Writing obituaries for the traditional press release has become a growth industry. Nevertheless, organizations continue to rely on press releases as a cost-effective means to disseminate their messages. Yet the nature of the press release is changing.
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“I see communications as a team sport, with people working together on big projects across the organization. I seek candidates who are leaders but won’t need all the credit and those who create opportunities to help junior staff grow.”
Named VP, corporate marketing at Splunk in 2012, Sherry Lowe doesn’t mince words describing the software company’s corporate marketing department at the time she took charge.
A business crisis can cause myriad disruptions for customers and partners before PR even has had a chance to assess the situation.
With Facebook leading the pack, social media channels are fast moving to a pay-for-play model. Yet nearly half of communicators surveyed by PR News are foregoing purchasing Facebook’s paid media offers.
Engagement on video posts outpaced the growth of video content, up 163 percent in the first half of the year compared with the same period in 2014, according to an exclusive study conducted by Shareablee on behalf of PR News.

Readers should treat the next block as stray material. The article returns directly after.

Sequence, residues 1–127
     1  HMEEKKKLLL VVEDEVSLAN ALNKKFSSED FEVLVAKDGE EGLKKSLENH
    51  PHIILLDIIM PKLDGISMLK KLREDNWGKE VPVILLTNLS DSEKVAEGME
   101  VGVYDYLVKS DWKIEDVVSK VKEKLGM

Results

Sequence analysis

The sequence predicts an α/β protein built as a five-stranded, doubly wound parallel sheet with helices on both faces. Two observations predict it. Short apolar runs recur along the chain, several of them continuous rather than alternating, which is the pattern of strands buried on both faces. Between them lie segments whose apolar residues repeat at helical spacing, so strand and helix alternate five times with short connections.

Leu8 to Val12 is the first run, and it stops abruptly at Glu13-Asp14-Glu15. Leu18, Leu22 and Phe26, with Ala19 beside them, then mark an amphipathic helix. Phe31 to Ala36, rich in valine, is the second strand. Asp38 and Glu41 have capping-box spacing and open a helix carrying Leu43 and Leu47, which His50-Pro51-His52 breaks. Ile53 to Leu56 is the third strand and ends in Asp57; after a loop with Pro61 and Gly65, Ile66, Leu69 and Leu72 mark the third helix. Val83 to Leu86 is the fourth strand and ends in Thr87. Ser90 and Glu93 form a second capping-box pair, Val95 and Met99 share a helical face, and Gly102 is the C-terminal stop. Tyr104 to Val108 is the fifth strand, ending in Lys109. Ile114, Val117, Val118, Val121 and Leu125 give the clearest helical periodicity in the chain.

Face it, data alone is unable to tell a story. It can’t highlight the most important issues; tell you what to do next or where to focus limited resources. And adding more data won’t help.
Most PR writing is like a snapshot in time, such as a new product that needs promotion via press release. But developing a social media narrative, or giving your social posts a sense of continuity for your audiences, requires a different mindset.
To be effective, PR, internal communications, marketing, advertising and government affairs need to be integrated. Consistent messaging through all channels is essential and employees should not be lost in the mix.